11. The system set forth in claim 10, wherein said second module outputs a plurality of second output signals.

12. The system set forth in claim 11, wherein said plurality of first output signals and said plurality of second output signals are transport signals.

13. The system set forth in claim 1, wherein said first input signal contains a plurality of analog channels.

14. The system set forth in claim 13, wherein said analog to digital converter processes said plurality of analog channels simultaneously.

15. The system of claim 13, where said plurality of analog channels are frequency division multiplexed.

16. (canceled)

17. The system set forth in claim 1 wherein said second module further includes a controller operatively coupled between said second module and said first module for controlling said second digital signal.

18. The system set forth in claim 1, wherein said first module and said second module are integrated circuits.

19. A method for providing multiple outputs from a single input, the method comprising the steps of: receiving an analog signal; converting said analog signal to a first digital signal and a second digital signal; passing said first digital signal through a first interface; processing said first digital signal passed through said first interface to produce a first plurality of output signals; passing said second digital signal through a second interface; and processing said second digital signal passed through said second interface to produce a second plurality of output signals.

20. The method set forth in claim 19, wherein in the step of processing said first digital signal passing through said first interface further comprises the steps of tuning said first digital signal.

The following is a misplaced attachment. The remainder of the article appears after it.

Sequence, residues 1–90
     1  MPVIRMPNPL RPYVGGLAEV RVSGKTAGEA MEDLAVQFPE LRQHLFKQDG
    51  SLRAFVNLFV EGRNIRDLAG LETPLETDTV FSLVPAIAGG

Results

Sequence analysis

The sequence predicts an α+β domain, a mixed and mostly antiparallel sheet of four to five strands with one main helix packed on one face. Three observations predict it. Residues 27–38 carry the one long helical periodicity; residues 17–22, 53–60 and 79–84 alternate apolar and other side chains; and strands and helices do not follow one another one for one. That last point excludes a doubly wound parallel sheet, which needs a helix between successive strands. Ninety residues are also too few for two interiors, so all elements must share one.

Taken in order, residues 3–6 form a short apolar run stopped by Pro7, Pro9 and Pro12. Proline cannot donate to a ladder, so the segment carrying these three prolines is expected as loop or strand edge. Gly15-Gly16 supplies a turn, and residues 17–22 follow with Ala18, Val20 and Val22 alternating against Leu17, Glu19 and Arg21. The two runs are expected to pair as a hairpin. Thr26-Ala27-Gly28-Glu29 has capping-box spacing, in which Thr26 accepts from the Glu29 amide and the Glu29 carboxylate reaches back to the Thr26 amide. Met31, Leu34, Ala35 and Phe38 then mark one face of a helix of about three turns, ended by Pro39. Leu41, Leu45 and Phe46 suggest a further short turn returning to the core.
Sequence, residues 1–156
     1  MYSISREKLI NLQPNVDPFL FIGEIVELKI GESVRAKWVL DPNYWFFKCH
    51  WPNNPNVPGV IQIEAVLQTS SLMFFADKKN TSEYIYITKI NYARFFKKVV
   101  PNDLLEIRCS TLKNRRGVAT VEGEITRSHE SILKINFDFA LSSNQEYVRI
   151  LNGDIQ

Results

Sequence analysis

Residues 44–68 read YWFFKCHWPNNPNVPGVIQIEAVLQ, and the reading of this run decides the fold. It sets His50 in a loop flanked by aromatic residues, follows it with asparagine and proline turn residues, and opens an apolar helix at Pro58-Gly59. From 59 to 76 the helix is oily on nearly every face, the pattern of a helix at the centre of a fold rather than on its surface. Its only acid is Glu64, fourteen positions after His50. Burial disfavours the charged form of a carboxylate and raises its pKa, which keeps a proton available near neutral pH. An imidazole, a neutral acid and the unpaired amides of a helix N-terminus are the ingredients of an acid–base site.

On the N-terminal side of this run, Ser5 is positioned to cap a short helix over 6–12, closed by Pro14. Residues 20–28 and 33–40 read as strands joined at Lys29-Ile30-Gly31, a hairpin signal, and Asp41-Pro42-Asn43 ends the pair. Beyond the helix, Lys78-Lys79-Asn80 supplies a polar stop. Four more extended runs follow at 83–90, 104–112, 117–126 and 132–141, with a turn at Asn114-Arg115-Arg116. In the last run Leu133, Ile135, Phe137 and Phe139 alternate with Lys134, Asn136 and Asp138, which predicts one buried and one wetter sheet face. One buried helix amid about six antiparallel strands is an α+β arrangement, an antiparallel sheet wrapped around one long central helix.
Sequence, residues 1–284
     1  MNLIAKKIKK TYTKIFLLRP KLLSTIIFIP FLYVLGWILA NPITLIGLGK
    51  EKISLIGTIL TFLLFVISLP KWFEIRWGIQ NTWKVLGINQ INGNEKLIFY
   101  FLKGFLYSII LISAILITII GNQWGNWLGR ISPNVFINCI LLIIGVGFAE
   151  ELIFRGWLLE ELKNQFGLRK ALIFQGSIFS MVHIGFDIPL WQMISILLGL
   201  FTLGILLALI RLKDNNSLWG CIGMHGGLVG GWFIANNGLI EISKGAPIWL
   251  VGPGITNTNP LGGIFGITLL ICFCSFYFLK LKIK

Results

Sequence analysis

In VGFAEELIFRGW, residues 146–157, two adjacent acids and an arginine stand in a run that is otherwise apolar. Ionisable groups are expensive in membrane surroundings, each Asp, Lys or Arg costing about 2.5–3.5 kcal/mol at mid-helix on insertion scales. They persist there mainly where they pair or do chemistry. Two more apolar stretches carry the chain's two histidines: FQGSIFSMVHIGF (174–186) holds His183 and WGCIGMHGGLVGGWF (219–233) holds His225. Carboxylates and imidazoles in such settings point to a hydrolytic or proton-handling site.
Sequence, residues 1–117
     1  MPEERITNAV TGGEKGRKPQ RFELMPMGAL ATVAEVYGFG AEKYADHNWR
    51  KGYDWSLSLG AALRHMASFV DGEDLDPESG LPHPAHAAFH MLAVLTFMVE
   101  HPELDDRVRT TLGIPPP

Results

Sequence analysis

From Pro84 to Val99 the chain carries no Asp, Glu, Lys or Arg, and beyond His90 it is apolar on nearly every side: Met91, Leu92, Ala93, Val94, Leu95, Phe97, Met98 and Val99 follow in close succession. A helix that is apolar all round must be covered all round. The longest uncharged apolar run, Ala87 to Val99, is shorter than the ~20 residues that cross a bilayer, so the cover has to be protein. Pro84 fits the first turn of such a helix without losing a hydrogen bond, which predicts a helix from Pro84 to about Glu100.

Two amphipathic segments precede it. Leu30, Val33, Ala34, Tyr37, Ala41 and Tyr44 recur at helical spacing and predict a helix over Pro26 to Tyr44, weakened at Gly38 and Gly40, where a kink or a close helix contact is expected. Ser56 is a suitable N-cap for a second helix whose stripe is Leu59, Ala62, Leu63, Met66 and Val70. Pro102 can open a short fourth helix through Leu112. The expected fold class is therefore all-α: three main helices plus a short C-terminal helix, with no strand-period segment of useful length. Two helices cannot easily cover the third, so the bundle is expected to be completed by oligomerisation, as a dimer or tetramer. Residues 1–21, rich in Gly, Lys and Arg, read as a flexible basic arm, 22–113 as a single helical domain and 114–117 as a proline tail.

21. The method set forth in claim 19, wherein the step of processing said second digital signal passing through said second interface (412) further comprises the steps of demodulating said second digital signal to produce a plurality of transport streams.

22. The method set forth in claim 19, wherein said first interface and said second interface are not the same.

23. The method set forth in claim 19, wherein said first interface is an interface for passing said first digital signal internal to a module.

24. The method set forth in claim 19, wherein said second interface is an interface for passing said second digital signal to the outside of a module.

25. A system for receiving multiple channels, the system comprising: means for receiving an analog signal; means for converting said analog signal to a first digital signal and a second digital signal; means for passing said first digital signal through a first interface; means for processing said first digital signal passed through said first interface to produce a first plurality of output signals; means for passing said second digital signal through a second interface; and means for processing said second digital signal passed through said second interface to produce a second plurality of output signals.